RICHMOND, Va. (WRIC) — The General Assembly has unanimously adopted Virginia’s first regulations for kratom, a controversial opioid alternative sold in stores across the state.

The Indonesian herb, sold in gas stations, head shops, and online pharmacies, has been found to help with pain relief and opioid withdrawal symptoms — but the FDA has also issued warnings about the dangers it may pose.

Now, the state is set to adopt bare-bones regulations on the product, banning the sale of kratom to anyone under the age of 21 and requiring manufacturers to add a label reading: “This product may be harmful to your health, has not been evaluated by the FDA, and is not intended to diagnose, treat, cure, or prevent any disease.

Still, Sage Giles, a frequent kratom user and Virginia resident, said she welcomes the new law.

“It’s not perfect,” she said. “But I love that this is a starting point and will make people think.”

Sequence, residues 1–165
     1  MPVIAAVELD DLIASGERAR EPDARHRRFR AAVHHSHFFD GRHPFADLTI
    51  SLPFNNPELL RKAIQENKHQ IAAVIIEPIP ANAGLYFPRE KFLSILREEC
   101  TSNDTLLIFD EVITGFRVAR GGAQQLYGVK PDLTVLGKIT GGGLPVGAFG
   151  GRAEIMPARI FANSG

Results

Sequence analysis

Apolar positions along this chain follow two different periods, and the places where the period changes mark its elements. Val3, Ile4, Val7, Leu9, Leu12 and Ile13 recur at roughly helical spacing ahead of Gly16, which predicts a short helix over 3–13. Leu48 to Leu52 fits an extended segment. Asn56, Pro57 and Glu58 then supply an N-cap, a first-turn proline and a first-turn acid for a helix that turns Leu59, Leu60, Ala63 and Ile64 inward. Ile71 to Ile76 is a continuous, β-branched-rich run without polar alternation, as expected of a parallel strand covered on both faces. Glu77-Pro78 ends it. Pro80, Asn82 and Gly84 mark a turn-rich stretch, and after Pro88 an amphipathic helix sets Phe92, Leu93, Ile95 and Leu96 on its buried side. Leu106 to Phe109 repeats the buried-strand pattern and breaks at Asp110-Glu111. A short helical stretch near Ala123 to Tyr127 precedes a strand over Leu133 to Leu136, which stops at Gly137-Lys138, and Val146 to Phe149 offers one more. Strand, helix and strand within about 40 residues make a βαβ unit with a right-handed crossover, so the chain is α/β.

Giles said she struggled for years with mental health issues and found only limited success with traditional psychiatric drugs. When she first started using kratom, she said, “I went, oh, I don’t mind doing my job.”

Still, she said she had to do a month of research to find a reputable seller and still cuts back periodically, just to be on the safe side.

“I think with the proper labeling, it will be a lot easier,” she said.

The regulations passed by the General Assembly this week are much more limited than those originally proposed by Delegate Hyland “Buddy” Fowler (R-Hanover), which would have required producers to certify that their kratom was unadulterated and to add recommended serving information.

Representatives of the American Kratom Association, an industry group, also welcomed the law, but said they hope the General Assembly will adopt more robust regulations in the future.

“It helps, there’s no question,” they said. “We hope to come back and strengthen this law later.”